put chiles in heat proof bowl and pour hot water over them. steep for 20 minutes. meanwhile, combine onion, garlic, maple syrup, lime juice, tomato paste, cinnamon, cumin, cloves, and coriander in a blender or food processor. drain chiles in colander over a bowl. reserve a cup of the soaking liquid and taste (carefully--it will be very spicy!). if liquid is unpleasantly bitter, discard it. if not, and you want these to be spicy, reserve for braising. add softened chiles to food processor and puree. this will not taste good yet, but you may want to taste for salt and adjust.

preheat oven to 350º­. pat ribs dry, season both sides with salt and pepper. in a heavy skillet, heat oil on medium-high until hot but not smoking. brown ribs in batches, turning occasionally, around 5 minutes a batch. transfer to a roasting pan just big enough to hold ribs in 1 layer.

turn the heat down to medium-low and carefully add puree. cook for a few minutes, and add bouillon cubes to a cup and a half of hot water, or to the chile-soaking-water. stir bouillon, coffee and wine (if using) into puree, and bring to a boil. stir well and then pour over meat. liquid should come at least halfway up sides of the meat. if it doesn't, add water or bouillon until it does.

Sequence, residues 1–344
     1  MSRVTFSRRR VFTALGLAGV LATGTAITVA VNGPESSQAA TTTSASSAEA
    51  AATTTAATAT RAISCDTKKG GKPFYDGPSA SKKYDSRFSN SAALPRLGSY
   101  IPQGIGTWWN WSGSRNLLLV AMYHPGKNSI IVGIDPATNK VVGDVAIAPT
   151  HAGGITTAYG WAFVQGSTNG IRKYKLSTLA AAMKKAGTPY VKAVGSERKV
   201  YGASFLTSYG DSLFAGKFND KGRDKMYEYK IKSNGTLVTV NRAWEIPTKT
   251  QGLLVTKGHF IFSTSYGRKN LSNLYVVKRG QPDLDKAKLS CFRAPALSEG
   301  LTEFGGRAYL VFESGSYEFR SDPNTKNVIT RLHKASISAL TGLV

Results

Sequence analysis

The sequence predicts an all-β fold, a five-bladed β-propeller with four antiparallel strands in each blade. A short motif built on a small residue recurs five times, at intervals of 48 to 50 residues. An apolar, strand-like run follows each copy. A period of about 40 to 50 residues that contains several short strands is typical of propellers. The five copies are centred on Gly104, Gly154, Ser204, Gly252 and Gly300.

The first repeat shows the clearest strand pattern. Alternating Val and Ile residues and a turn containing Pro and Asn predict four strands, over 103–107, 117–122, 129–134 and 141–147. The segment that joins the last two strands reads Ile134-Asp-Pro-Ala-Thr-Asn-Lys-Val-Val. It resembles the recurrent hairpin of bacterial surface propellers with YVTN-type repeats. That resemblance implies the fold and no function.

cover pan tightly with foil and braise ribs in the middle of the oven until very tender; this will probably take at least three hours. using a heavy casserole dish may speed this up considerably, but I used a regular lightweight nonstick roasting/lasagna pan. important: check the ribs a couple times to make sure you don't need to add more liquid--they will burn if the liquid cooks down too much.

skim fat from pan juices and serve juices with ribs. ribs improve in flavor if braised a day or two ahead. cool, uncovered, then chill, surface covered with parchment paper or wax paper and roasting pan covered with foil. remove any solidified fat before reheating.

serves 3-4(?) (depends on how thick the ribs are). was excellent served over polenta, but would also be good with garlic potatoes.

**chile notes:
  • ancho - dried poblano chile, ranging in color from green to red. sweet, yet moderately hot.
  • chipotle - dried jalapeno pepper that has been smoked. usually very hot, it is also sweet, and chocolatey.
  • guajillo - a dried deep red chile with a tough skin, actually a Mirasol chile variety. medium heat; it has an earthy flavor with plum and raisin tones.
  • pasilla - a dried fresh Chilaca chile. medium to hot with berry and tobacco flavor tones.